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Ulrich Back on Board With Woodhaven SBS After DOT Waters Down Turn Bans

DOT has significantly reduced the number of left turn bans in the Woodhaven Boulevard Select Bus Service project. Image: DOT

DOT has decided to significantly reduce the number of left turn bans in the Woodhaven Select Bus Service project. Image: DOT

DOT has halved the number of left-turn restrictions and cut about a mile of bus lanes from its plan to enhance bus service on Woodhaven Boulevard.

The changes will dampen the expected improvements in bus speeds and pedestrian safety but have won over Council Member Eric Ulrich, who’s back on board supporting Woodhaven Select Bus Service. Most of the street design, which will add dedicated bus lanes and pedestrian islands along Woodhaven and Cross Bay Boulevards, remains unchanged since the last iteration of the project, and DOT says the effects will be small.

In January, Ulrich told a meeting of the Woodhaven Residents’ Block Association — which organized against the plan — that DOT’s proposal “stinks.” Chief among Ulrich’s concerns was a proposed left-turn ban at Jamaica Avenue. “I don’t think it’s good,” he said of the plan. “I think we have to go back to the drawing board.”

Eric Ulrich

Eric Ulrich

It was a disappointing change of stance from an elected official who had been one of the project’s main proponents. In 2014, Ulrich co-authored an op-ed in the Daily News calling for “world-class” bus rapid transit on Woodhaven Boulevard.

Later that year, he told Streetsblog that the project was important to improve safety on Woodhaven, where more people lost their lives than any other street in Queens between July 2012 and December 2014, according to Transportation Alternatives.

“Whatever we’re doing now obviously isn’t working,” Ulrich said at the time.

DOT presented the revised project last week [PDF]. In addition to the left turn at Jamaica Avenue, the updated plan preserves left turns at Pitkin Avenue, Forest Park Drive, Myrtle Avenue, Metropolitan Avenue, 67th Road, 62nd Road, and southbound at Rockaway Boulevard — all of which were set for turn bans in the previous iteration of the plan. A section of bus lane between the Belt Parkway and Jamaica Bay has also been cut.

I tweeted at Ulrich to ask if the changes to the project meant he was back on board, to which he responded in the affirmative.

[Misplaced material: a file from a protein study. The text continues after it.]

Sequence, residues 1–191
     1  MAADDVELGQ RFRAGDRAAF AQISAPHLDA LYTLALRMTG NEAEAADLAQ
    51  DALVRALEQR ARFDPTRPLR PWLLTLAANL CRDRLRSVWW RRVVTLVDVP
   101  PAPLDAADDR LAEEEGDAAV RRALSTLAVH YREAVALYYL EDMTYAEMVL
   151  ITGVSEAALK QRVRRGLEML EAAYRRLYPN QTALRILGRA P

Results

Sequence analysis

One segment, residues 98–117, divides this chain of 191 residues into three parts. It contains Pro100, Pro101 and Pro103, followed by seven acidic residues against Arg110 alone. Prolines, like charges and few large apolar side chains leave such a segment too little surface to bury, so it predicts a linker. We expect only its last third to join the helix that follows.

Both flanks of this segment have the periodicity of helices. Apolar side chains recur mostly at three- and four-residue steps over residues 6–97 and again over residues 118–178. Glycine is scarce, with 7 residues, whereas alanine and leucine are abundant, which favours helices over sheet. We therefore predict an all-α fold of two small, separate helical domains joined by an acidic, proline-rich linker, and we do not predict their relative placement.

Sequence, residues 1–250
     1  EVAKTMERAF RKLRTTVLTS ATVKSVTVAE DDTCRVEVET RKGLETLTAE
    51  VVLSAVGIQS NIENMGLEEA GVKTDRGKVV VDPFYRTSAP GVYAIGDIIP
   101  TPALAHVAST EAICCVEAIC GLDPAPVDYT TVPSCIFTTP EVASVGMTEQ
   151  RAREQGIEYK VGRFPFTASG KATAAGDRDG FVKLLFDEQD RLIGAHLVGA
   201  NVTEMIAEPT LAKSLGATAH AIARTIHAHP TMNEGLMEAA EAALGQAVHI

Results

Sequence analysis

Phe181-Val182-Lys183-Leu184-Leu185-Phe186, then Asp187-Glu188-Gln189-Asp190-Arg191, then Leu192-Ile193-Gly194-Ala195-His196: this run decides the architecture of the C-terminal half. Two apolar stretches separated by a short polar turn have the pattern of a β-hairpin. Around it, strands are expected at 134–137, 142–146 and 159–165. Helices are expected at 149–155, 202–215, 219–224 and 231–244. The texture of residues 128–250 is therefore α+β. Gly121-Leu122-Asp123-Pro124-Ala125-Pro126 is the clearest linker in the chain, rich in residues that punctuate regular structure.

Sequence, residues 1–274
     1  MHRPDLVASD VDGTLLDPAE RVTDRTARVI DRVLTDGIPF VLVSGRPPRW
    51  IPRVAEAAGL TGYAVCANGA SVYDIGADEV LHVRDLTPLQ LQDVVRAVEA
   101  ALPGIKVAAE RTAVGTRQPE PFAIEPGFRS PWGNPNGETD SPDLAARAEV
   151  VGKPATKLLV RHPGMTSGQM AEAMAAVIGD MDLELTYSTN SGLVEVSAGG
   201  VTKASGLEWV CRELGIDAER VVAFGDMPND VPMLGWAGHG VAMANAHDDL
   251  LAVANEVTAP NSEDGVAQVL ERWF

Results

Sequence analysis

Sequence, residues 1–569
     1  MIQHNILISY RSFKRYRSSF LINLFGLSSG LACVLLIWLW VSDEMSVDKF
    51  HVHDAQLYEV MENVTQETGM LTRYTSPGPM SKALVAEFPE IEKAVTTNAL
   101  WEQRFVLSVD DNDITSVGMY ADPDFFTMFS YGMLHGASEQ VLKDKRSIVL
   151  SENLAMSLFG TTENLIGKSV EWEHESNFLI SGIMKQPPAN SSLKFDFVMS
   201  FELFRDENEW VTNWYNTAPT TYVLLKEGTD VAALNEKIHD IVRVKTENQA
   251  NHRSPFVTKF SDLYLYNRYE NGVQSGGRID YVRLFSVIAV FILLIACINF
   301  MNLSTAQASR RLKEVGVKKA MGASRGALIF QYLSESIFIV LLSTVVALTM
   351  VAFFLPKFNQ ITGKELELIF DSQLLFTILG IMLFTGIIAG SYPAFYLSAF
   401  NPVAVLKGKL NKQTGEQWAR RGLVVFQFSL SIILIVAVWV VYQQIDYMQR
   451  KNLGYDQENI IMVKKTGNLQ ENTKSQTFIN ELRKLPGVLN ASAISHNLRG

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Check Out This Wonderfully Normal CBS 2 Queens Blvd Bike Lane Story

There’s nothing particularly noteworthy about this CBS 2 feature on the plan to extend the bike lanes on Queens Boulevard. And that’s what makes it noteworthy.

With shots of the street where lanes now exist, reporter Sonia Rincon begins the piece like so: “The DOT is reshaping the landscape of one of the most dangerous roads in the city.” No quick-cut shots intended to invoke mass panic, no Marcia Kramer-style indignation over the prospect of sharing street space with people who aren’t in cars. Just a simple statement of fact.

Rincon spoke with City Council Member Danny Dromm, who explains how adding space for bikes helps slow motorists down, making the street safer.

And get this: Rincon talked with people who ride bikes on Queens Boulevard as part of their day to day lives — people who are grateful that Mayor de Blasio instructed DOT to proceed with phase two of the bike lane project despite Community Board 4 failing to support it.

“Right now I’m going to work, while biking,” said Melody Santos, who indicated she did not ride to work before DOT installed the existing 1.3-mile bike lane segment on Queens Boulevard in Woodside.

Rincon does devote airtime to random quotes from a couple of people who don’t care for cyclists, and to Queens Borough President Melinda Katz, who repeats her specious argument that the project should be brought before the Queens Borough Board. Otherwise, Katz claims, making Queens Boulevard safer for people who walk and bike will “cause great difficulties.”

But Rincon closes with Dromm, who notes that the responsibility for engineering safer streets lies with DOT. Anchor Maurice DuBois even wraps the segment by citing Queens Boulevard crash data.

About what you would expect, right? But compared to the fact-free sensationalist screeching New Yorkers were subjected to during the bikelash era, it’s practically a revelation.